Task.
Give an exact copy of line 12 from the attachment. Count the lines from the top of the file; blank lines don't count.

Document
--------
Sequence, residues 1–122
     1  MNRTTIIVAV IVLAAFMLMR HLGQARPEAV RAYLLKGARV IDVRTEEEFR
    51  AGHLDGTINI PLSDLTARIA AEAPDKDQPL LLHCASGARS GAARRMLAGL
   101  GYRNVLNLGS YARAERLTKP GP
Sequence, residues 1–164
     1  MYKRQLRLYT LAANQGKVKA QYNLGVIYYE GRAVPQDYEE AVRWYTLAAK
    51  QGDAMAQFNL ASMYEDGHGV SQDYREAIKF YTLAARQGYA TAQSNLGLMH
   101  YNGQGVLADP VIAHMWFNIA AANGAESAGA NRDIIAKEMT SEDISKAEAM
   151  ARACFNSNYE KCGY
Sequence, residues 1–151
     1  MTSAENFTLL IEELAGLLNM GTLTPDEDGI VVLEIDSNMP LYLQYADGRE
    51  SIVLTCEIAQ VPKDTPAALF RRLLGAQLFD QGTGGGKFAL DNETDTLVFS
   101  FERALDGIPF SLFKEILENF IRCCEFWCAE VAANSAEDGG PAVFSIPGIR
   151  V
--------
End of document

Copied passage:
    51  SIVLTCEIAQ VPKDTPAALF RRLLGAQLFD QGTGGGKFAL DNETDTLVFS